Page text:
MUNICH — Are traditional solar photovoltaic (PV) financing models dead? Are solar utilities dinosaurs, about to become extinct? For utilities, says Dirk Morbitzer, general manager of analysis firm Renewable Analytics, “the old times are gone. Utilities must embrace renewables or suffer the consequences.”
Morbitzer’s remarks, made in a double-session panel discussion early this week at Intersolar Europe in Munich, pointed to an emerging theme that may prove central to the conference. Indeed, Horst Dufner, project manager at Intersolar, told REW that distributed generation is an emergent force in the industry, as exemplified by the rise of community solar – there are now almost 700 community solar organisations in Germany alone – and that it is an issue to watch at the event (we’ll be watching).
In Germany, with FiTs being phased out or becoming less attractive, financing conditions changing, traditional investor groups less willing or unable to continue because they would need to put in more equity at higher interest rates, what some have called the “FiT and forget” (for the subsidy’s 25-year term) model may be yesterday’s news, said Christoph Aha, a partner at corporate law firm Beilen Burkhardt.
What this all means for utilities, the panel agreed, is that the role of big electricity provider may fast be becoming irrelevant – and this is nowhere more apparent than in utilities’ falling profits. One of Morbitzer’s slides was a graph of utility electricity prices sampled at 15-minute intervals over a period of years, showing lots of local variability but also an impressively definitive downward slide. Utility share prices are falling, and even the utilities themselves are saying publicly that, as one executive put it, “We used to be a very rich company, but we’re not anymore.”
The PV market, Morbitzer said, is becoming a savings market, with customers maximising self-consumption. For utilities, the problem with this is obvious and urgent: when customers become their own producers – what Jon-Erik Mantz of RWE called “prosumers” – they become competitive with their suppliers. And as utilities’ customer base erodes, so do their margins. With emerging energy storage technologies making self-consumption increasingly viable, margins will be eroded even further.
The Solar Utility of the Future
A number of alternative models were proposed for how the solar utilities of the future might function.
For example, Morbitzer proposed that utilities take on the role of service provider for small and medium businesses wanting to “go green”. The utilities would need to change their whole internal organisation, he said, to focus on customers who are becoming their own generators. And even if there is no longer a massive need for central power generation, he emphasised, there is still a crucial need for help for customers to plan, finance, build and operate PV and energy storage installations, something utilities are well equipped to do.
One utility executive on the panel pointed out pessimistically that PV companies already have plenty of experience in planning, financing, building and operating PV installations. Morbitzer countered that there are also plenty of areas in which utilities have needed experience that the PV companies don’t have – for example, he said, while PV companies have been installing things on the outsides of buildings for a long time, they’ve “never touched or even thought about what happens inside of buildings”. And, he said, the utilities are still in a relatively strong position, with more financing than PV companies.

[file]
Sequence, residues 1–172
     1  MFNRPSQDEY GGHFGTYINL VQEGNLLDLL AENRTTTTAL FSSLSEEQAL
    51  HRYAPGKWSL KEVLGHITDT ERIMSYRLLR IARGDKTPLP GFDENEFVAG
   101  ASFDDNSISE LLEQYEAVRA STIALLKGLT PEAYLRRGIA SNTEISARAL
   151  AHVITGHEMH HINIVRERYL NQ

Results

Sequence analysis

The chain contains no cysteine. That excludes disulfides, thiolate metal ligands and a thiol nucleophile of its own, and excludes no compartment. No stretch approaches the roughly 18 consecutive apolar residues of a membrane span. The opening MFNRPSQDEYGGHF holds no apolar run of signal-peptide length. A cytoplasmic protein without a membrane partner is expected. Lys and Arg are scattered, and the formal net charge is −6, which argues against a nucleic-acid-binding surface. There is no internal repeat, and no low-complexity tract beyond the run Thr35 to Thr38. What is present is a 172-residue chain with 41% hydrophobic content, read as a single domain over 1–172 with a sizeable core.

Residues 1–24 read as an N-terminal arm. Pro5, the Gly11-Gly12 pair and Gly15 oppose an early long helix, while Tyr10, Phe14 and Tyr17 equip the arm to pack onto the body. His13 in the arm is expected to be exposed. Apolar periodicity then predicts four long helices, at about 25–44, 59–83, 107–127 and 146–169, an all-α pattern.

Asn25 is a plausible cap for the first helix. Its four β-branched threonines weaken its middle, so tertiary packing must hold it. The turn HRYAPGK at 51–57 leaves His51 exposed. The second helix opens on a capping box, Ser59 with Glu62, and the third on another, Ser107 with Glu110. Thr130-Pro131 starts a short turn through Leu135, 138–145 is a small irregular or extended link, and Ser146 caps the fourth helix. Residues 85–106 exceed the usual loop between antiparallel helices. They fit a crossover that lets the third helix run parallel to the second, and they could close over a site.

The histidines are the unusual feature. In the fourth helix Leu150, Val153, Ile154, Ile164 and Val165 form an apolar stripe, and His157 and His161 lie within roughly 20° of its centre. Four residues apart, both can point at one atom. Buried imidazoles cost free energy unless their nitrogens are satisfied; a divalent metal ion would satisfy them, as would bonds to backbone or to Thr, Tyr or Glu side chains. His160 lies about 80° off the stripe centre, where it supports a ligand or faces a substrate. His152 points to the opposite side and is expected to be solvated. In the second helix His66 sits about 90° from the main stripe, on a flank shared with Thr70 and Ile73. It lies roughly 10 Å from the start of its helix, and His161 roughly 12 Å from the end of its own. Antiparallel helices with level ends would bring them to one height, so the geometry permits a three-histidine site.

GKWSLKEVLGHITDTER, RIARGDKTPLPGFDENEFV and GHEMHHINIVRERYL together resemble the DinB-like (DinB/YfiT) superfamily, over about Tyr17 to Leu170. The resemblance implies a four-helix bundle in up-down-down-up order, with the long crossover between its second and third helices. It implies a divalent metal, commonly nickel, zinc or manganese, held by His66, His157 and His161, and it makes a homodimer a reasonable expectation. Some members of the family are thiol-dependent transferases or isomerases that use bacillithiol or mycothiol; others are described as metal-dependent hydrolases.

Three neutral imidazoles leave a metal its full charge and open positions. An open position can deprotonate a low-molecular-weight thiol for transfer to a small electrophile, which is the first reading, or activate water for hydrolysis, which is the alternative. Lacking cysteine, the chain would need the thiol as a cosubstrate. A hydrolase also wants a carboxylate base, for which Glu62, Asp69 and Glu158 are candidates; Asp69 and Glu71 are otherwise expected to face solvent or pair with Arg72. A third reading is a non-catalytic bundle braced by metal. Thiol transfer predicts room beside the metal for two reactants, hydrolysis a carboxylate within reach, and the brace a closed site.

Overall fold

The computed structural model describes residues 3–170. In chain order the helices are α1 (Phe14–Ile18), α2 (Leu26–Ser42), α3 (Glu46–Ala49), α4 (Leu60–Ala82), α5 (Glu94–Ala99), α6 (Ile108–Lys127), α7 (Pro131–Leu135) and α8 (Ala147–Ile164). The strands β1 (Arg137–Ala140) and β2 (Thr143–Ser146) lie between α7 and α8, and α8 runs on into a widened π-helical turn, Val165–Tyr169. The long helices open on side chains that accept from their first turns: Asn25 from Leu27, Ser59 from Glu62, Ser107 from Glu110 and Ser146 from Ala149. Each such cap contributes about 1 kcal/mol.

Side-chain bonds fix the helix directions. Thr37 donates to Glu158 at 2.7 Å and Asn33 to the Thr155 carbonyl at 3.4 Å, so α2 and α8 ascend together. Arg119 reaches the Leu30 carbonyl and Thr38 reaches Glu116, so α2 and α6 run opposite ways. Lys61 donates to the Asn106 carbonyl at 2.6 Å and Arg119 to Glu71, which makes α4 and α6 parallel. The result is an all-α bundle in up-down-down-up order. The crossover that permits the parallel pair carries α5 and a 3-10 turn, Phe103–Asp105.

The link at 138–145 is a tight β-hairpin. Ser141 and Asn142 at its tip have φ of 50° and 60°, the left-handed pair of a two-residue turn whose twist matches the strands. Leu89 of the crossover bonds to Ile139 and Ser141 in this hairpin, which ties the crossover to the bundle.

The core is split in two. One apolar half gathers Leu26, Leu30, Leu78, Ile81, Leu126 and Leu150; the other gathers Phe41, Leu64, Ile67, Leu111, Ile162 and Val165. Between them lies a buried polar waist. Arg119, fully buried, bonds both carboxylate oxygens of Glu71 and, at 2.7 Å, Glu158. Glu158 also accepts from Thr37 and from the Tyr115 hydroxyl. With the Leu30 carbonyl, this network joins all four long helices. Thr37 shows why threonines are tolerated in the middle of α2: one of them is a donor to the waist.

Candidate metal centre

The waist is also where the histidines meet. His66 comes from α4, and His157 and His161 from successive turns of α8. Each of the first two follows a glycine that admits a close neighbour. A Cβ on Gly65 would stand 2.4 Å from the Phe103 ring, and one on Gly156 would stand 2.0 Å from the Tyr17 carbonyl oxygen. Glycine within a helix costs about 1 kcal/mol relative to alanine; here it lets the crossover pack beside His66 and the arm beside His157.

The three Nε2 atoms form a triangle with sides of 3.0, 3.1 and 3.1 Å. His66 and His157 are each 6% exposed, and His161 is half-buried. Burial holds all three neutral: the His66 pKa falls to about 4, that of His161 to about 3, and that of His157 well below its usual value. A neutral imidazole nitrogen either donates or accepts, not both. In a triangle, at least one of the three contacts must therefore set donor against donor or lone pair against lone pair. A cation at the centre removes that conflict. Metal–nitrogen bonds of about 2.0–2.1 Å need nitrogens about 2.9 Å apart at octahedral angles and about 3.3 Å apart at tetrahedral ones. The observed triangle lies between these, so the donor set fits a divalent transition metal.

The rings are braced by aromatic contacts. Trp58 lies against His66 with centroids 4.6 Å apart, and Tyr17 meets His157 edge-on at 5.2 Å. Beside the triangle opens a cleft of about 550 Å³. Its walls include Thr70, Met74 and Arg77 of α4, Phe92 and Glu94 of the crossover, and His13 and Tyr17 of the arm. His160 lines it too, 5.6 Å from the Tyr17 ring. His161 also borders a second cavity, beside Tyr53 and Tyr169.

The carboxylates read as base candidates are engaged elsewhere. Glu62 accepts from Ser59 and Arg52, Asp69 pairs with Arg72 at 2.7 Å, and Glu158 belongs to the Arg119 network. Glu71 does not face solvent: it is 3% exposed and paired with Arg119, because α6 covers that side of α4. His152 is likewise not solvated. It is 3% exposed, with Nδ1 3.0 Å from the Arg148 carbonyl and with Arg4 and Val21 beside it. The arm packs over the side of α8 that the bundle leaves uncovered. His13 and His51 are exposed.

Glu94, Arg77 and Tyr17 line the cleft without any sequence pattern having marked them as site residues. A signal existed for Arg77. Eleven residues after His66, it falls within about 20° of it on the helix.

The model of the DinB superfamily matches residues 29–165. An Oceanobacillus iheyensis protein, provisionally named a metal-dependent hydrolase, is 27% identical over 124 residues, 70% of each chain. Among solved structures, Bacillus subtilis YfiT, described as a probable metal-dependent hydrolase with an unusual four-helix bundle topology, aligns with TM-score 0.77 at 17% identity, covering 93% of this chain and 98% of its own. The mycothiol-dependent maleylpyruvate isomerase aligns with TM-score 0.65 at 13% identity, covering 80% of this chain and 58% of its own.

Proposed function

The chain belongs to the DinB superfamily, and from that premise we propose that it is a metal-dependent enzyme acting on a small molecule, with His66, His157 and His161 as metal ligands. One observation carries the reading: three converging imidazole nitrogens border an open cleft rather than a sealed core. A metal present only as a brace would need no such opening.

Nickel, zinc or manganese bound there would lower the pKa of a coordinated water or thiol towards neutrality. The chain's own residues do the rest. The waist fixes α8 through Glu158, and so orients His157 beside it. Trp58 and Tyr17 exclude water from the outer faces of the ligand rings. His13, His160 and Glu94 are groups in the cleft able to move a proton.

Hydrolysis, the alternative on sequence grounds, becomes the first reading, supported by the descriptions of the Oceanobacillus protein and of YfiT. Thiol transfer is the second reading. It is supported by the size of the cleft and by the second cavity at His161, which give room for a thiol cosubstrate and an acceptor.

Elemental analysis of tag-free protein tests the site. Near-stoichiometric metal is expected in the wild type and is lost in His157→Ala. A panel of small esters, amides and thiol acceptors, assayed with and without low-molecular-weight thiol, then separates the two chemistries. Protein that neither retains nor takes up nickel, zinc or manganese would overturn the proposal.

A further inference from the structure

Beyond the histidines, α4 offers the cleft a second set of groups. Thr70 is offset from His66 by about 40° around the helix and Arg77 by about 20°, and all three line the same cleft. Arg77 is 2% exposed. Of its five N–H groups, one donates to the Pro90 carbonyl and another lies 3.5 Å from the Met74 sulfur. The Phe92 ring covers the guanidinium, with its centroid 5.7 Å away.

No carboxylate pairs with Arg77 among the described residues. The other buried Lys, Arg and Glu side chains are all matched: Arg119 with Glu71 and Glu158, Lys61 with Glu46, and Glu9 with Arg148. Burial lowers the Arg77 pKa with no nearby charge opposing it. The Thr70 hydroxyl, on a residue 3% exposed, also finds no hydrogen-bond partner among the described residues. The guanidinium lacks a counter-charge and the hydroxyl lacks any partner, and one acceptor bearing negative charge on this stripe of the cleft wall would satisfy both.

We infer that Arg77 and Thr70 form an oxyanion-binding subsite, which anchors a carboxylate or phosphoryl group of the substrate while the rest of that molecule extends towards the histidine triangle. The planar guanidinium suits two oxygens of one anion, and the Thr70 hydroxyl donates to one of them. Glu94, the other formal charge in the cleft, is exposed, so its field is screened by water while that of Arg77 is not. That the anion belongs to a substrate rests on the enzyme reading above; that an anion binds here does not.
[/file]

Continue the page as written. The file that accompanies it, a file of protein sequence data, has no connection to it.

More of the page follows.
Aha proposed a “lessor model” for Germany wherein the PV developer leases a plant to a commercial consumer, making the consumer the owner-operator and thereby avoiding charges such as the EEG surcharge, grid charges and the power tax and transferring responsibility and risk to the consumer. This is today’s top model for German bioenergy plants, he said, and it is robust because of the legal experience gained in the bioenergy sector. However, he said the German government is considering restricting this model in future.
He also proposed a “local sale model” whereby a utility would sell electricity to nearby consumers through a power purchase agreement and distribute it using a private, closed grid, thereby avoiding grid surcharges. However, in this model he said the utility becomes a grid operator and must fulfil the obligations attached to that role, incurring its costs such as metering, accounting and cabling, which could hamper viability.
Mantz’s proposal was for “virtual power plants,” which he said RWE is already implementing. Virtual power plants network decentralised power generation, offering support for direct and spot marketing. In the near future, said Mantz, flexibility will become a commodity; virtual power plants generate additional value from the flexibility they can offer the grid, he said.
A commenter in the audience perhaps summed it up best, proposing that the energy industry is now at the point where telecoms were 10 years ago. While some utility executives on the panel had joked that they were “all scared” after the presentations, the commenter proposed instead that this is an exciting time for utilities. We’ll see what else emerges on this topic in the coming days at Intersolar.
Lead image: solar farm Brigadel, courtesy E.ON Climate & Renewables